Research Papers: Gas Turbines: Cycle Innovations

Qualitative and Quantitative Comparison of Two Promising Oxy-Fuel Power Cycles for CO2 Capture

[+] Author and Article Information
Wolfgang Sanz

Institute for Thermal Turbomachinery and Machine Dynamics, Graz University of Technology, Graz 8010, Austriawolfgang.sanz@tugraz.at

Herbert Jericha, Bernhard Bauer, Emil Göttlich

Institute for Thermal Turbomachinery and Machine Dynamics, Graz University of Technology, Graz 8010, Austria

J. Eng. Gas Turbines Power 130(3), 031702 (Apr 02, 2008) (11 pages) doi:10.1115/1.2800350 History: Received May 24, 2007; Revised May 25, 2007; Published April 02, 2008

Since the Kyoto conference, there is a broad consensus that the human emission of greenhouse gases, mainly CO2, has to be reduced. In the power generation sector, there are three main alternatives that are currently studied worldwide. Among them oxy-fuel cycles with internal combustion with pure oxygen are a very promising technology. Within the European project ENCAP (enhanced CO2 capture) the benchmarking of a number of novel power cycles with CO2 capture was carried out. Within the category oxy-fuel cycles, the Graz Cycle and the semiclosed oxy-fuel combustion combined cycle (SCOC-CC) both achieved a net efficiency of nearly 50%. In a second step, a qualitative comparison of the critical components was performed according to their technical maturity. In contrast to the Graz Cycle, the study authors claimed that no major technical barriers would exist for the SCOC-CC. In this work, the ENCAP study is repeated for the SCOC-CC and for a modified Graz Cycle variant as presented at the ASME IGTI Conference 2006. Both oxy-fuel cycles are thermodynamically investigated based on common assumptions agreed upon with the industry in previous work. The calculations showed that the high-temperature turbine of the SCOC-CC plant needs a much higher cooling flow supply due to the less favorable properties of the working fluid. A layout of the main components of both cycles is further presented, which shows that both cycles rely on the new designs of the high-temperature turbine and the compressors. The SCOC-CC compressor needs more stages due to a lower rotational speed but has a more favorable operating temperature. In general, all turbomachines of both cycles show similar technical challenges and are regarded as feasible.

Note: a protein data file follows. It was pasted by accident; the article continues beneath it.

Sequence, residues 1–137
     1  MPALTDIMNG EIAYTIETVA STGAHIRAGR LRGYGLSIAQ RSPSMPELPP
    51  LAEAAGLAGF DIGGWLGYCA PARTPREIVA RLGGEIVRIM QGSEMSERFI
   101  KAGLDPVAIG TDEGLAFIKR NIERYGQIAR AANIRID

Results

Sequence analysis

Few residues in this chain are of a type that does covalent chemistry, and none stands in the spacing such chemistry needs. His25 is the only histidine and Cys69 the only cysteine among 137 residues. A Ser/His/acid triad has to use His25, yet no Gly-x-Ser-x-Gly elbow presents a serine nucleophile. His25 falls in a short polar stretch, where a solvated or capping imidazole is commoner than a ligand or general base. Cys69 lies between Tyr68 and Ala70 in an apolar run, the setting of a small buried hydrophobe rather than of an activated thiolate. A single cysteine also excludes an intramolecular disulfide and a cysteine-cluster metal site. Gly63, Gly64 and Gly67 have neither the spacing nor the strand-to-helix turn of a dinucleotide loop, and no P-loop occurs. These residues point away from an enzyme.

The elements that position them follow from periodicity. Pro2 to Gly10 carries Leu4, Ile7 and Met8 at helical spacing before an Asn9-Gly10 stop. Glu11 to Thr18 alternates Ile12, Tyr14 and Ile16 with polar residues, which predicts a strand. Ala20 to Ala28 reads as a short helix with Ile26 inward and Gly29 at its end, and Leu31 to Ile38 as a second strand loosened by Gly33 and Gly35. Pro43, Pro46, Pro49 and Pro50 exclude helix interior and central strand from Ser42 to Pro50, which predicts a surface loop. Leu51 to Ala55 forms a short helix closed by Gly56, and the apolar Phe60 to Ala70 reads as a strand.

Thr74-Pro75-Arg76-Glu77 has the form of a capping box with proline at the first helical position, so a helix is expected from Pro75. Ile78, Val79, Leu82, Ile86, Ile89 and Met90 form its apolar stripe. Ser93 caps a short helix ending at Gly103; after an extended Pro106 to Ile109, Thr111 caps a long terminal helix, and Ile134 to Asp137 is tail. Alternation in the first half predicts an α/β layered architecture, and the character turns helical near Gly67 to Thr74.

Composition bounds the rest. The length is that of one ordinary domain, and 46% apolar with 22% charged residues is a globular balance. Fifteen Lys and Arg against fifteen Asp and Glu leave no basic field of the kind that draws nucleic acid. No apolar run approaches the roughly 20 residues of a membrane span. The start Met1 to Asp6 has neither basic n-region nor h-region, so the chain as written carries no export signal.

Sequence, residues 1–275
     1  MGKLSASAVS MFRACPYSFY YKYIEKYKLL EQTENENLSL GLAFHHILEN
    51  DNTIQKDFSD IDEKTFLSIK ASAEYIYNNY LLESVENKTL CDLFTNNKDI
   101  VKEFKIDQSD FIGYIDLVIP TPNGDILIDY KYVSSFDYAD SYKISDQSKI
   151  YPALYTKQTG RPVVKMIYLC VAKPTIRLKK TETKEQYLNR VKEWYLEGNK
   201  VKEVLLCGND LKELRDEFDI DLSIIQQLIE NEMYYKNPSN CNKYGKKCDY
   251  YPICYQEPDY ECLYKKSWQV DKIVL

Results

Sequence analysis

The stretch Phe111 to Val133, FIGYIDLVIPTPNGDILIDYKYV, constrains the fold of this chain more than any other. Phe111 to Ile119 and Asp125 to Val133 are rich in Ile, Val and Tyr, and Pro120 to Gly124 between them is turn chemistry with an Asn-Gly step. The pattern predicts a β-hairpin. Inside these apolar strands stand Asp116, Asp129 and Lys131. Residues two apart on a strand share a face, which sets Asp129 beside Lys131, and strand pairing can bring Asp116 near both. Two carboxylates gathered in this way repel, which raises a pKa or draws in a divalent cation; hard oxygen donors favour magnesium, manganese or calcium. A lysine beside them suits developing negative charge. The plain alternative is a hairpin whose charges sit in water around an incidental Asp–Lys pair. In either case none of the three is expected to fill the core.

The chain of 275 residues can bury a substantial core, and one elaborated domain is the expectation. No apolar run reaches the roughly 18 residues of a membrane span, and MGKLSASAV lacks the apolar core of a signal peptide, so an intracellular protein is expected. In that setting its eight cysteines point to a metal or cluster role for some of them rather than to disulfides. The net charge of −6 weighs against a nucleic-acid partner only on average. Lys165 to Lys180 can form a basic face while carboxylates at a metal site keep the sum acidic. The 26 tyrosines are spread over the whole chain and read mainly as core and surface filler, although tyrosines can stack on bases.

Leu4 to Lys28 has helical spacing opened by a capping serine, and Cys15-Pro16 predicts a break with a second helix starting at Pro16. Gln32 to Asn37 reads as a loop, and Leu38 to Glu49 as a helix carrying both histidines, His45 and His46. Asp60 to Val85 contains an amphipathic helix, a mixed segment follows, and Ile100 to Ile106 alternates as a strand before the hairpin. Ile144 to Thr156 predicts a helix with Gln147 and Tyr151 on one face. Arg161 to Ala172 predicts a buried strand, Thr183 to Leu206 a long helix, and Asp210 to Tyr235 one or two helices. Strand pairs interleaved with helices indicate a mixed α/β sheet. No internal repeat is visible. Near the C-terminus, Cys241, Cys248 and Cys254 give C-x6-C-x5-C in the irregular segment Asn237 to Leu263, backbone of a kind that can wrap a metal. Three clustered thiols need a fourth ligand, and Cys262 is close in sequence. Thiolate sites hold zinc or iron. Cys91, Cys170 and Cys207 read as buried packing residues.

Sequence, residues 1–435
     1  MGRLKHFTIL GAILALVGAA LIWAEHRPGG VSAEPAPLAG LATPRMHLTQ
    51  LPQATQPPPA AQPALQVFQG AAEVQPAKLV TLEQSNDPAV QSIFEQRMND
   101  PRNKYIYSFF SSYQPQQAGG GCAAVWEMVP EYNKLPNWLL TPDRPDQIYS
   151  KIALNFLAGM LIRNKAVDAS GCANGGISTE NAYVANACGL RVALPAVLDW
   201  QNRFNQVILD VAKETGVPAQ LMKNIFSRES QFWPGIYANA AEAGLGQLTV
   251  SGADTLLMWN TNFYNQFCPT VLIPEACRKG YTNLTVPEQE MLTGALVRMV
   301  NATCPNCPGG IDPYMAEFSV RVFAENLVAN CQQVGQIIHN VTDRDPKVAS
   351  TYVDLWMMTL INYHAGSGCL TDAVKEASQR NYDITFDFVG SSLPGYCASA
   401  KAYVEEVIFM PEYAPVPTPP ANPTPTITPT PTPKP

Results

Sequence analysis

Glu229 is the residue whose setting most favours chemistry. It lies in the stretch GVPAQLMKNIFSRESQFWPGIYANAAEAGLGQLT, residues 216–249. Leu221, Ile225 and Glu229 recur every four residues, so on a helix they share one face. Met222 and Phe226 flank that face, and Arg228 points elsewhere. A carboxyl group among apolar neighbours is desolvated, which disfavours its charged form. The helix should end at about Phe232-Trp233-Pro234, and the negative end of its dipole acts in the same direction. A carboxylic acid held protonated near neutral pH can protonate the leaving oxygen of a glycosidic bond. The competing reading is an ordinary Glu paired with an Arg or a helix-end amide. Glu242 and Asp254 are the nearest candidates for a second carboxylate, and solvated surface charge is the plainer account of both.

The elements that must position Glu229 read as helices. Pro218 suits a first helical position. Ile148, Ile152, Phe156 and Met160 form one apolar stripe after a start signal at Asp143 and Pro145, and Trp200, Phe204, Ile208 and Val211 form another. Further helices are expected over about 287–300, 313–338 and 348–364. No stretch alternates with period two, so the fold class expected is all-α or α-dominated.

Copyright © 2008 by American Society of Mechanical Engineers
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Figure 1

Principle flow scheme of the modified Graz Cycle power plant with condensation/evaporation in 1bar range (5)

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Figure 2

Principle flow scheme of SCOC-CC

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Figure 3

Arrangement of the main turbomachinery for a 400MW Graz Cycle plant

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Figure 4

C1 compressor with titanium blisk and radial last stage

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Figure 5

Design of the C2 drum rotor with cooling steam flow arrangement, combustor, and HTTC

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Figure 6

Design of the two-stage HTTC and 50Hz HTTP



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